Dev is famous primarily for being the one who “sings” the chorus of Far East Movement’s “Like a G6.” The chorus, however, is actually from one of Dev’s own songs. “In the Dark,” then, was effectively Dev’s second single after “Like a G6,” and made it to #11 on Billboard’s Hot 100. It was also the first of the saxophone revival songs whose saxophone part I actually liked.
The following video is visually interesting, but mildly NSFW (one sees much worse in contemporary music videos).
Ah, songs about nothing. Well, I mean, it’s about something. But she isn’t saying anything of value. It’s like the difference between “Wut” and “Thrift Shop” (both of which we just discussed). “Thrift Shop” is actually saying something.
The most philosophically interesting part of this vapid (though catchy!) song is the couplet:
Tell me baby if it’s wrong
To let my hands do what they want
Those familiar with St. Paul will be reminded of Romans 7:15-25, where Paul complains that his body seems to have a mind of its own. This is a very odd idea to anyone who’s hung around philosophers or cognitive scientists very long, since philosophers and cognitive scientists tend to think the brain is the only part of the human body that has a mind. Hands don’t have desires, on this view. Only brains do.
There is a strong counter current in philosophy called “enactivism” — which is related to another idea called “the extended mind” — however, which holds (roughly) that we think with our bodies as a whole, as we interact with our environments. I like this approach a whole lot and would suggest you look into Alva Noë‘s work if you are interested.
I recently finished the excellent YA novel Seraphina, by Rachel Hartman, which involves the idea that there are emotions you cannot have without having a particular kind of body. This relates to the important James-Lange theory of emotion, which we have discussed briefly before. It’s also similar the Harry Potter theory of emotion. (People in Harry Potter experience all emotions with their stomachs.) The feel of an emotion is, in large part, how it feels for various parts of your body to react and behave in various ways (e.g., when your heart races in fear or excitement). So, if you don’t have the necessary parts, or those parts are misbehaving, you might not be able to fully experience an emotion.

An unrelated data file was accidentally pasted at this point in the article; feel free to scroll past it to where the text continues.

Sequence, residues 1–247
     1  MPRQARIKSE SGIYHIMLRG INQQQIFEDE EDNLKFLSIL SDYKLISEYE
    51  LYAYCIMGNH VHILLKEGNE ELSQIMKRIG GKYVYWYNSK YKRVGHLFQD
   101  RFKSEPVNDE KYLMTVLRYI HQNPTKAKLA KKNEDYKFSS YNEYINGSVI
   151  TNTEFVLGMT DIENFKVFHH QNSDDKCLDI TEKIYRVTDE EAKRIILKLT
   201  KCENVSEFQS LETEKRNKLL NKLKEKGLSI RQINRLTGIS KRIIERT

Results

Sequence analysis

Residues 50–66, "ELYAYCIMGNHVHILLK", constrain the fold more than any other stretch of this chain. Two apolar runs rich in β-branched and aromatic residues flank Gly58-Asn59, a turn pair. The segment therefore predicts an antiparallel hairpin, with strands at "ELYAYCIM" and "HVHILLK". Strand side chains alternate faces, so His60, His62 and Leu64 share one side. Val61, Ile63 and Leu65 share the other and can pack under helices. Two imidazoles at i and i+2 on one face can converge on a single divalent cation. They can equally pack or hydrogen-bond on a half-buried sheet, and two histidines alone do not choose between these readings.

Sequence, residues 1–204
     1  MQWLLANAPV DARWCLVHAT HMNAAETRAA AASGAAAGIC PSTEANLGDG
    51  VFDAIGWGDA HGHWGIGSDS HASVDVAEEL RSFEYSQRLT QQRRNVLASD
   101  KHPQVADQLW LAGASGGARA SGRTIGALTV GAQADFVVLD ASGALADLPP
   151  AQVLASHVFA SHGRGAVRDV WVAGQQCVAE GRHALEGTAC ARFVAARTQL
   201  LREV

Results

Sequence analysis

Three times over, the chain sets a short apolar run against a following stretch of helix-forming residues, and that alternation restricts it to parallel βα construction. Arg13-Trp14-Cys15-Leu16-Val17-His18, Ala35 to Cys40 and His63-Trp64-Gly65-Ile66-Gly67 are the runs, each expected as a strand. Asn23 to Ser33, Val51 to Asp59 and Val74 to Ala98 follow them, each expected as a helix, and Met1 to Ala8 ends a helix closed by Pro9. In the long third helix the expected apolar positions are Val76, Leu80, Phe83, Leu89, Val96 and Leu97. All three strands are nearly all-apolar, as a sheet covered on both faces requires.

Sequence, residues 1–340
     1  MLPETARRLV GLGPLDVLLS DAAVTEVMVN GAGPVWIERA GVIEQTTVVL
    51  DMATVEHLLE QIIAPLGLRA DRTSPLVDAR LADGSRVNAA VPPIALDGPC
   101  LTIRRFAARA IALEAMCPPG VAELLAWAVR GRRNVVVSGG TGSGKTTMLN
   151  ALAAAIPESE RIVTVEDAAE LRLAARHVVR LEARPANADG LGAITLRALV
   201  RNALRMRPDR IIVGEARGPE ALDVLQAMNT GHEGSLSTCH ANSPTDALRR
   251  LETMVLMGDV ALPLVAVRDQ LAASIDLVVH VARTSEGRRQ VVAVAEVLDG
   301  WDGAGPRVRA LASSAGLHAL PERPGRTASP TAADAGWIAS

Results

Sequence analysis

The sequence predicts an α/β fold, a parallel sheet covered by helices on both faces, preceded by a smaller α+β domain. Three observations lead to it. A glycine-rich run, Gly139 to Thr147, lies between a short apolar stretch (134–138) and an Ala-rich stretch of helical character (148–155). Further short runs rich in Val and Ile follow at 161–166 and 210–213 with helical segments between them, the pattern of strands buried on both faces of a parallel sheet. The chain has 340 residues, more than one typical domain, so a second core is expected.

Anyway, the same may be true of thinking. Your perspective on the world changes as you grow up. Have you ever gone back to a place you remember from when you were a kid, and been surprised by how small it seems now? It’s the same size, of course, but now you’re seeing it from a several feet higher than when you were a child.
More subtly, wouldn’t you imagine that dogs think about the world completely differently from us in part because they experience it through their noses so much more than we do? And don’t we “see” things as “pick-up-able” without even realizing it, primarily because we have hands? (Imagine if humans had no hands. How would we see a stack of papers, or a bunch of toys scattered across the living room floor?)
This all makes me suspect that there really might be something to all the body positioning and posturing that happens in “traditional” religious services. You might have to adopt a particular physical attitude in order to adopt a particular mental attitude. You might have to do something with your body in order to do something with your mind.
(I hear Alva Noë has even started doing philosophy about dance.)
This is all kind of unsettling for such a reserved and sedentary person as myself. But it reminds me of when I used to give myself mini-concussions headbanging around the stage with my guitar. (I haven’t always been such a stick in the mud.) So, in addition to being unsettled, I’m also deeply fascinated.